Where People Feast: An Indigenous People's Cookbook.

Description

192 pages
Contains Index
$24.95
ISBN 978-1-55152-221-7
DDC 641.59'297

Publisher

Year

2007

Contributor

Photos by Pamela Bethel
Reviewed by Robin Chamberlain

Robin Chamberlain is a Ph.D. candidate in the Department of English and Cultural Studies at McMaster University.

Review

Where People Feast: An Indigenous People’s Cookbook by Dolly and Annie Watts is not your run-of-the-mill cookbook. It is one of the few cookbooks of indigenous cuisine available, and focuses on the cuisine of First Nations Canadians in the Pacific Northwest. The authors own the Liliget Feast House, the only First Nations fine-dining establishment in North America. Where People Feast boasts both traditional and modern recipes that use ingredients found in the Pacific Northwest, ranging from the familiar—salmon, crab, and berries—to the exotic—oolichan (a fish found along the Pacific Coast with a taste and texture similar to anchovies), venison, and grouse. Cooks and readers will find not only genuine First Nations recipes, but also familiar recipes with an indigenous twist, like Wild Shepherd’s Pie (which uses ground venison and pork instead of beef), Pheasant in a Blanket (inspired by pigs-in-a-blanket), and Wild Berry Bannock Bread Pudding (which uses bannock instead of white bread).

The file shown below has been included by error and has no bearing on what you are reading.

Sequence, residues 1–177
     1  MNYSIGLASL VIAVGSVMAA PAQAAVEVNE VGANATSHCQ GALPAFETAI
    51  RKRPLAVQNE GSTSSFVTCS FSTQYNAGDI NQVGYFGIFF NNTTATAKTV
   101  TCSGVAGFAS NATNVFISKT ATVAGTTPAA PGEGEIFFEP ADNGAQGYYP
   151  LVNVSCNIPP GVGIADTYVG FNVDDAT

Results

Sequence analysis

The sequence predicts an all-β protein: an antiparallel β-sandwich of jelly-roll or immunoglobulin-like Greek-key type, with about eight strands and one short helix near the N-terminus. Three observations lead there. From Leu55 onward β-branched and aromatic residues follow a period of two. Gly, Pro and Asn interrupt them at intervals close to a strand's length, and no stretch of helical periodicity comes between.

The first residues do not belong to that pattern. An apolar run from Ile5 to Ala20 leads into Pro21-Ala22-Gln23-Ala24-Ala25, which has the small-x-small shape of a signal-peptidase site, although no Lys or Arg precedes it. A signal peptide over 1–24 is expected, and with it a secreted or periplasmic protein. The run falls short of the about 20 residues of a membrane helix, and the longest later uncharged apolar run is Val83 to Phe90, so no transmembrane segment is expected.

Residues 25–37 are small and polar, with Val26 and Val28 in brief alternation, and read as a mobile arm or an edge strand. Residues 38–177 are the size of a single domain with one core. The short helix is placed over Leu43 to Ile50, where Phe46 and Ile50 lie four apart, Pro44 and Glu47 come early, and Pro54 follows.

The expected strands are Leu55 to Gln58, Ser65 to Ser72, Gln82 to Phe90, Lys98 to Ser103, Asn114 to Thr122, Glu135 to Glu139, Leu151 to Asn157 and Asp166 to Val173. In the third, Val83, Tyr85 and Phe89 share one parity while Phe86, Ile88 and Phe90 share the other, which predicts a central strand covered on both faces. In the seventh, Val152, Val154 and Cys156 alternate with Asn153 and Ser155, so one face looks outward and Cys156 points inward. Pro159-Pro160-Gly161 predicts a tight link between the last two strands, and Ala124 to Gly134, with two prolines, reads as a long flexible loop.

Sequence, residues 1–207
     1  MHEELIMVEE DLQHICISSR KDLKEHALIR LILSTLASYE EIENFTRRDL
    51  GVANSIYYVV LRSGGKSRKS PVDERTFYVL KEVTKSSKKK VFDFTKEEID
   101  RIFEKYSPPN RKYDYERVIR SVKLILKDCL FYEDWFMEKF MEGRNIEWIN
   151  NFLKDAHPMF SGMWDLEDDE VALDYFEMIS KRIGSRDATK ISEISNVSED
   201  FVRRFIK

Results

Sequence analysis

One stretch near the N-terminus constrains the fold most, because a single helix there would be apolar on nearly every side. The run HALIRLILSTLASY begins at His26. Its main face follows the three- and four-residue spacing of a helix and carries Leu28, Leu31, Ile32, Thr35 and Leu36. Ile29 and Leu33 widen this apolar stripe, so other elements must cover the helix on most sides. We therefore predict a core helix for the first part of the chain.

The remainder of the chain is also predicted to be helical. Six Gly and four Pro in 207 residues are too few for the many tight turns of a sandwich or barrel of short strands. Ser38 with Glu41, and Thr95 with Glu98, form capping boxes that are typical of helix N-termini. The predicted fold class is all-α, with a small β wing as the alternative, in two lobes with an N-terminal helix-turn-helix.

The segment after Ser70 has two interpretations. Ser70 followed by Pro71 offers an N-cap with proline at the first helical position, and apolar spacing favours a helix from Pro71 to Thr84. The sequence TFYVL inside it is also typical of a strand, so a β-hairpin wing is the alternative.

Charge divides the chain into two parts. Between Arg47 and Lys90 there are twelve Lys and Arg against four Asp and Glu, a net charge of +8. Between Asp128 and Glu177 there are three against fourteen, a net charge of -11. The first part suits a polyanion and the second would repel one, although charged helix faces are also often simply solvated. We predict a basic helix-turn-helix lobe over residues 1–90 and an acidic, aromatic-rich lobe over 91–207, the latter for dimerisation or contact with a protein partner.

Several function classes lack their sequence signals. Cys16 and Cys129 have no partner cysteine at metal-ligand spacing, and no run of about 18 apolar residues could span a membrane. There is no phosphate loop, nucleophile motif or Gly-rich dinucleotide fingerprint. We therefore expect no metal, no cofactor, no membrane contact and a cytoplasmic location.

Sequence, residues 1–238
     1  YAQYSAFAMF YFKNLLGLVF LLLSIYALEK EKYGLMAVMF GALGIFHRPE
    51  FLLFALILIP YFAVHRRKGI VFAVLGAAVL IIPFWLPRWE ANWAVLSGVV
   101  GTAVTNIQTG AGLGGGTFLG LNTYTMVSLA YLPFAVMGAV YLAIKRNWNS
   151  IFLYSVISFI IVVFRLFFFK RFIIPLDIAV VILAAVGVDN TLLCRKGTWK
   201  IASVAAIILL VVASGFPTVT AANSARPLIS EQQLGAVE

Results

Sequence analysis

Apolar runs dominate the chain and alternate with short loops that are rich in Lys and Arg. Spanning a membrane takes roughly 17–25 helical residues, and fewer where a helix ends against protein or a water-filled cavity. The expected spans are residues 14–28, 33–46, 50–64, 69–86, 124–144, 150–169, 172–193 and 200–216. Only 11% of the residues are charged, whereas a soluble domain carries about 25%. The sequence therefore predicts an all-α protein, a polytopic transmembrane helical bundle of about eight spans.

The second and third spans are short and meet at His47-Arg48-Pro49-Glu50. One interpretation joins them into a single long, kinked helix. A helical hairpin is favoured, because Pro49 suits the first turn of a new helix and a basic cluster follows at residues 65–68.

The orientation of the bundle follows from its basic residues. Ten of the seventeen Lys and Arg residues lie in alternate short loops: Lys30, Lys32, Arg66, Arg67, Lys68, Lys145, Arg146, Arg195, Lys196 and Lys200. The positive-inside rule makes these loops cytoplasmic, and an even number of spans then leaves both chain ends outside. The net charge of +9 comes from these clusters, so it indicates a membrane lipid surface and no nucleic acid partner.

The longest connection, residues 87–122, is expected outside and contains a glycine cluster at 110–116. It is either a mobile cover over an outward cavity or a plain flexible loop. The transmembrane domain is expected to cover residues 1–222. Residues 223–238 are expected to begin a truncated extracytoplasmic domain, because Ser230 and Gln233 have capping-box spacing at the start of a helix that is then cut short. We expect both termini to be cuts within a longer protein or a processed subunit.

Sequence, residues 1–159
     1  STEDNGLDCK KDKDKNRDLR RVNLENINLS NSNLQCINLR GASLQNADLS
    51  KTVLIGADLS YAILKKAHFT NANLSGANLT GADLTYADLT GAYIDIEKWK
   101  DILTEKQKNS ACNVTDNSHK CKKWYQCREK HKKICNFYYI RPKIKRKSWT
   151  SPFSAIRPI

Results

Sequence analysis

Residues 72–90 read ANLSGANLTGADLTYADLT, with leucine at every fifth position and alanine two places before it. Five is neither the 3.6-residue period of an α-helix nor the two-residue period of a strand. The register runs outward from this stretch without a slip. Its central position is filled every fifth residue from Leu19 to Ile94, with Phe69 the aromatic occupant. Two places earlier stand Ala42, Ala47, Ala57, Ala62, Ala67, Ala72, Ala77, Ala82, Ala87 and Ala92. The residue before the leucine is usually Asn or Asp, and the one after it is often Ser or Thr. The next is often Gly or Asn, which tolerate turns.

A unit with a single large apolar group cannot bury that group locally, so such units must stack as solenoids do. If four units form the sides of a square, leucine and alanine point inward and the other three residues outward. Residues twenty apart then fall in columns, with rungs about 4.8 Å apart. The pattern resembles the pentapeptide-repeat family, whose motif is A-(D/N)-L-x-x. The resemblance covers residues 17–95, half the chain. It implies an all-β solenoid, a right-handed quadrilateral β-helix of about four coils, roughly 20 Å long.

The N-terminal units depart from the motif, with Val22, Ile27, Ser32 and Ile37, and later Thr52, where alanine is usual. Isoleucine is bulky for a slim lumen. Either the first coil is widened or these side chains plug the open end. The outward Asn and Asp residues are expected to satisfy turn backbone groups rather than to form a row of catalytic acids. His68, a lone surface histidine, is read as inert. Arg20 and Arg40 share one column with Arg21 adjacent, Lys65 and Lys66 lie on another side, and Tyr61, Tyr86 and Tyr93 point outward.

The book is divided into six chapters: “Wild Game,” which features entrées like Venison Roast with Juniper Berry Rub; “Seafood,” with recipes for a number of the fish and shellfish of British Columbia; “Vegetables, Salads and Sides” includes recipes likes Blackberry-Glazed Beets; “Soups and Stocks” includes recipes for Buffalo Hominy Corn Chowder and Feast Venison Soup; “Sauces and Condiments” includes mouthwatering recipes for Raspberry Cranberry Chutney and Hominy Corn Relish; “Baked Goods & Desserts” teaches the reader how to make Just Like Grandma’s Bannock and Gitsegukla Wedding Cake, among other delectable desserts; “Beverages” has recipes for everything from Homemade Root Beer to Fireweed Tea. The book concludes with a chapter on preserving foods, which includes both traditional methods and modernized recipes for making everything from Pemmican Balls to Crabapple and Raspberry Jam.

 

Where People Feast would make an excellent gift for the cook who has everything, or for anyone interested in bringing a First Nations flavour to the table.

Citation

Watts, Dolly, and Annie Watts., “Where People Feast: An Indigenous People's Cookbook.,” Canadian Book Review Annual Online, accessed May 26, 2024, https://cbra.library.utoronto.ca/items/show/27133.